Micha v. Sun Life Assurance of Canada, No. 16-55053 (9th Cir. 2017)

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Justia Opinion Summary

The Ninth Circuit reversed the district court's denial of appellate attorney's fees under the Employee Retirement Income Security Act, 29 U.S.C. 1132(g)(1). The panel held that, pursuant to Sokol v. Bernstein, 812 F.2d 559, 561 (9th Cir. 1987), a court must consider the entire course of the litigation when analyzing a party's request for appellate attorney's fees within the Hummell v. S.E. Rykoff & Co., 634 F.2d 446 (9th Cir. 1980), rubric. Accordingly, the panel remanded to the district court for calculation of a reasonable award of fees and costs.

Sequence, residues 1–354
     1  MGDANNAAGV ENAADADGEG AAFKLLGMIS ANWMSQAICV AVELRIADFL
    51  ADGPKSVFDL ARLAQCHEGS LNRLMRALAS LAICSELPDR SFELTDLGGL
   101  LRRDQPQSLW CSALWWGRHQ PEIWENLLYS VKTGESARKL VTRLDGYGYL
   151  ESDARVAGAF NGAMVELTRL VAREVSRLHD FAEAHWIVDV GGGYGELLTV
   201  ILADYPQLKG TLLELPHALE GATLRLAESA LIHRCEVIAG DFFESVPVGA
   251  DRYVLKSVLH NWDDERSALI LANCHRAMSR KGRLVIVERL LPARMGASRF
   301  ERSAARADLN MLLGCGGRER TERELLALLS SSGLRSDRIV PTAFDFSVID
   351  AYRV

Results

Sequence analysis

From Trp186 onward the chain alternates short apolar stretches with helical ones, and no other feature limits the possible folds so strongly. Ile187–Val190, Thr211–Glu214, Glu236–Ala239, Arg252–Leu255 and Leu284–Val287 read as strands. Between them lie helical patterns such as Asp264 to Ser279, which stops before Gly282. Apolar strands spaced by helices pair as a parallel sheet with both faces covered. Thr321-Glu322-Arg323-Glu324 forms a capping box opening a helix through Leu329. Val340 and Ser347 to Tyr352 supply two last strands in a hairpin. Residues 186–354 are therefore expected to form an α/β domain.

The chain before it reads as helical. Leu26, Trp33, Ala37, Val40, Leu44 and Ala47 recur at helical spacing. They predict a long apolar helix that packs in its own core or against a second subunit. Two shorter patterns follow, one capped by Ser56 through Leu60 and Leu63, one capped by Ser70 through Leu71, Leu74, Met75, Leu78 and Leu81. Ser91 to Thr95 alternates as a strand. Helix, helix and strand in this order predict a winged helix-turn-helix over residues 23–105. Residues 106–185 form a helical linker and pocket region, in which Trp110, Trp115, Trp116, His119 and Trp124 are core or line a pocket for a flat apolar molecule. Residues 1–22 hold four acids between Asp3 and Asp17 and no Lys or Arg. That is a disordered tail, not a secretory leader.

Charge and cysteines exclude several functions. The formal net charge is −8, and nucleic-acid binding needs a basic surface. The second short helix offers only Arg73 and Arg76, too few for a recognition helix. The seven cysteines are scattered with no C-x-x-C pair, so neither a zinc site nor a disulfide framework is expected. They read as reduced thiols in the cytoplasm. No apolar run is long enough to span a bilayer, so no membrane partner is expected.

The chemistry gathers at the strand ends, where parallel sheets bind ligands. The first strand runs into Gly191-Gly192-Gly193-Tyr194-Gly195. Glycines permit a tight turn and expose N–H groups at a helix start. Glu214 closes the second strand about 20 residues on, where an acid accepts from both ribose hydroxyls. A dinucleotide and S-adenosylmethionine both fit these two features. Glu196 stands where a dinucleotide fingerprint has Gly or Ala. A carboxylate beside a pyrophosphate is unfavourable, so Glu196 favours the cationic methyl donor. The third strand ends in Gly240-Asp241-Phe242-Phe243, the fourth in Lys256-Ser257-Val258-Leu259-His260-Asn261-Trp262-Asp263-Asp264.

Court Description: ERISA / Attorney’s Fees. The panel reversed the district court’s denial of appellate attorney’s fees under 29 U.S.C. § 1132(g)(1) and remanded for calculation of a reasonable award of fees and costs in an ERISA case. The panel held that in analyzing a party’s request for appellate attorney’s fees under the Hummell test, a court must consider the entire course of the litigation, rather than focusing exclusively on the prior appeal. Weighing the five Hummell factors in light of all of a defendant’s conduct, from its wrongful denial of the plaintiff’s claim for ERISA benefits to its filing of a petition for a writ of certiorari, the panel held that the moving party was entitled to attorney’s fees for the prior appeal, in which the panel had affirmed an award of litigation attorney’s fees. The panel declined to consider the issue, not raised before the district court, whether fees-on- SUN LIFE ASSURANCE V. GRP. DISABILITY BENEFITS PLAN 3 fees should be automatically awarded, without application of the Hummell test. Concurring, Judge Berzon wrote that, were the panel reaching the issue, she would hold that attorney’s fees should be awarded automatically on appeal to a party that successfully defends the fees it was awarded at the district court, in ERISA cases as in others.